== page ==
Skip to main content

World Hundreds abducted by Boko Haram are being used as human shields, Nigeria says

Women who survived Boko Haram occupation sit on the ground in Damasak, March 24, 2015.

JOE PENNEY/REUTERS

Hundreds of civilians, including many children, have been abducted and are being used as human shields by Boko Haram extremists, a top Nigerian official confirmed Wednesday.

Several hundred people were taken captive by the Islamic militants as they retreated earlier this month from Damasak in northeastern Nigeria, Mike Omeri, the Nigerian spokesman for the fight against Boko Haram, told Associated Press on Wednesday. He said he could not specify how many were taken captive but local reports say as many as 500 people were seized.

When troops from Chad and Niger advanced toward Damasak, Boko Haram began taking captives, said Omeri.

Story continues below advertisement

"Boko Haram … rushed to primary schools they took children and adults that they are using as shields to protect themselves from the menacing advance of troops," said Omeri. "They are being used as shields by Boko Haram."

Damasak, near the border with Niger, was recaptured from Boko Haram on March 16. The mass abduction happened as the extremists were fleeing the advancing troops and information about the seizures of civilians has only been confirmed now.

The soldiers who recaptured Damasak found the town largely deserted. Damasak had been held for months by Boko Haram, who used the trading town as an administrative centre.

The troops from Chad and Niger who now hold Damasak have discovered evidence of a mass grave, Chad's ambassador to the UN, Mahamat Zene Cherif, confirmed Wednesday.

International assistance is needed for the thousands of Nigerian refugees who have fled the violence, said the head of the UN refugee agency.

Some 74,000 Nigerians have fled to neighbouring Cameroon, according to the agency. Over 100,000 more have flooded into Chad and Niger. Troops from the three countries are now helping Nigeria to combat the militants and win back Nigerian towns.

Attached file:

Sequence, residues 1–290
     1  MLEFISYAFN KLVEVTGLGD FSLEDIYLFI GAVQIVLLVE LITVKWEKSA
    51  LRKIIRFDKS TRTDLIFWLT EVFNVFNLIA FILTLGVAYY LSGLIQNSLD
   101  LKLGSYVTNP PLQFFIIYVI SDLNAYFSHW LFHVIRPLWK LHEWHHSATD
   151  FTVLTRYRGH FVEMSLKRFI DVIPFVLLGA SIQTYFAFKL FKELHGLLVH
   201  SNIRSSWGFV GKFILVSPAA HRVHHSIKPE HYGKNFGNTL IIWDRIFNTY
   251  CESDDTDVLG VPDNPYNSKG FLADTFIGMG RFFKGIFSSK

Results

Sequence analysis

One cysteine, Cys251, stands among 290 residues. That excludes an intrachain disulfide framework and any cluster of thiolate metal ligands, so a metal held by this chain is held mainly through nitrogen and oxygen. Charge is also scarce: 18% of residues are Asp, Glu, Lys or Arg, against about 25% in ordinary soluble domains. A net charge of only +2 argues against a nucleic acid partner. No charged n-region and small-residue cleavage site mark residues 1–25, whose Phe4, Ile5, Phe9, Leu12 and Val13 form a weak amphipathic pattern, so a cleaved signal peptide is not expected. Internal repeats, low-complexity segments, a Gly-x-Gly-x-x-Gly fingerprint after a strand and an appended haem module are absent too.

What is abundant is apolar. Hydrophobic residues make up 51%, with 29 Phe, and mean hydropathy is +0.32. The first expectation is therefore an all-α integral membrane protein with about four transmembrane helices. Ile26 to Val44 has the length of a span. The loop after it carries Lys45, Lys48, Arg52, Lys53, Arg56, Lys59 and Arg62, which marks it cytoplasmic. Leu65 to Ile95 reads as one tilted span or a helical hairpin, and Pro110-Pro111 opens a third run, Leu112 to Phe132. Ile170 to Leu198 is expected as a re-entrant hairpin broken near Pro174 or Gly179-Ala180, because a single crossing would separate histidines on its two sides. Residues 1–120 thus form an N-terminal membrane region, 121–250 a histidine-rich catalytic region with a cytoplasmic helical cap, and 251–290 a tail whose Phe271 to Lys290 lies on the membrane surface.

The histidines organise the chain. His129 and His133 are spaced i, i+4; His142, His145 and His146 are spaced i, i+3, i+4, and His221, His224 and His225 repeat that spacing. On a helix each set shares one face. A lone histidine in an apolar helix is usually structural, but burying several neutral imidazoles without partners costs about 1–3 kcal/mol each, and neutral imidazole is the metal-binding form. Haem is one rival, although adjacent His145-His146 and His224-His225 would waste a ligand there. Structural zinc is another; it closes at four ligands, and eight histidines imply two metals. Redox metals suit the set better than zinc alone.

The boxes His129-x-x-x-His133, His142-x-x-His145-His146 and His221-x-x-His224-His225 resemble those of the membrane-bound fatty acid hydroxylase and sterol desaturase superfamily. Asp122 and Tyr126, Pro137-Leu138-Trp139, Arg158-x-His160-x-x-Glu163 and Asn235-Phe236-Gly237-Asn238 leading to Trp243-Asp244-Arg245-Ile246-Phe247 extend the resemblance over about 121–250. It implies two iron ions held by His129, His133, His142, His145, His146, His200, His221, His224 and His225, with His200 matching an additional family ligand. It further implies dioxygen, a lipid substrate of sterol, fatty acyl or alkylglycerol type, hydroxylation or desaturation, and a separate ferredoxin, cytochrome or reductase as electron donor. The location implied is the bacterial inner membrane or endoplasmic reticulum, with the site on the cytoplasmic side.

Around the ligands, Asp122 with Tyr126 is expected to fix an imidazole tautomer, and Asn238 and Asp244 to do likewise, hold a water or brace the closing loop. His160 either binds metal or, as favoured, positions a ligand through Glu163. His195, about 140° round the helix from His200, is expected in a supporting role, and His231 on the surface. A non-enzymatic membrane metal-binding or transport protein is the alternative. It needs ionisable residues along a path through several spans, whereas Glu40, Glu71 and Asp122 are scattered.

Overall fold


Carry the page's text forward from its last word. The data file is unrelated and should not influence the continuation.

The refugee agency will funnel more resources to Cameroon, said UN High Commissioner for Refugees Antonio Guterres on Wednesday while visiting Maroua, the capital of Cameroon's Far North region. He stressed that additional assistance is needed.

Story continues below advertisement

"Cameroon is today not only a very important protection space for refugees, but it is in the first line of defence of the international community," he said.

The UN agency says the Nigerian crisis is one of the most underfunded in the world. In February, the agency asked for $71-million to assist displaced people in Nigeria and neighbouring countries; already that figure appears to be too low, it said this week. Thus far, it has received only $6.8-million in donations, he said.

Report an error
Due to technical reasons, we have temporarily removed commenting from our articles. We hope to have this fixed soon. Thank you for your patience. If you are looking to give feedback on our new site, please send it along to feedback@globeandmail.com. If you want to write a letter to the editor, please forward to letters@globeandmail.com.

Welcome to The Globe and Mail’s comment community. This is a space where subscribers can engage with each other and Globe staff. Non-subscribers can read and sort comments but will not be able to engage with them in any way. Click here to subscribe.

If you would like to write a letter to the editor, please forward it to letters@globeandmail.com. Readers can also interact with The Globe on Facebook and Twitter .

Welcome to The Globe and Mail’s comment community. This is a space where subscribers can engage with each other and Globe staff. Non-subscribers can read and sort comments but will not be able to engage with them in any way. Click here to subscribe.

If you would like to write a letter to the editor, please forward it to letters@globeandmail.com. Readers can also interact with The Globe on Facebook and Twitter .

Welcome to The Globe and Mail’s comment community. This is a space where subscribers can engage with each other and Globe staff.

We aim to create a safe and valuable space for discussion and debate. That means:

  • Treat others as you wish to be treated
  • Criticize ideas, not people
  • Stay on topic
  • Avoid the use of toxic and offensive language
  • Flag bad behaviour

Comments that violate our community guidelines will be removed.

Read our community guidelines here

Discussion loading ...

Cannabis pro newsletter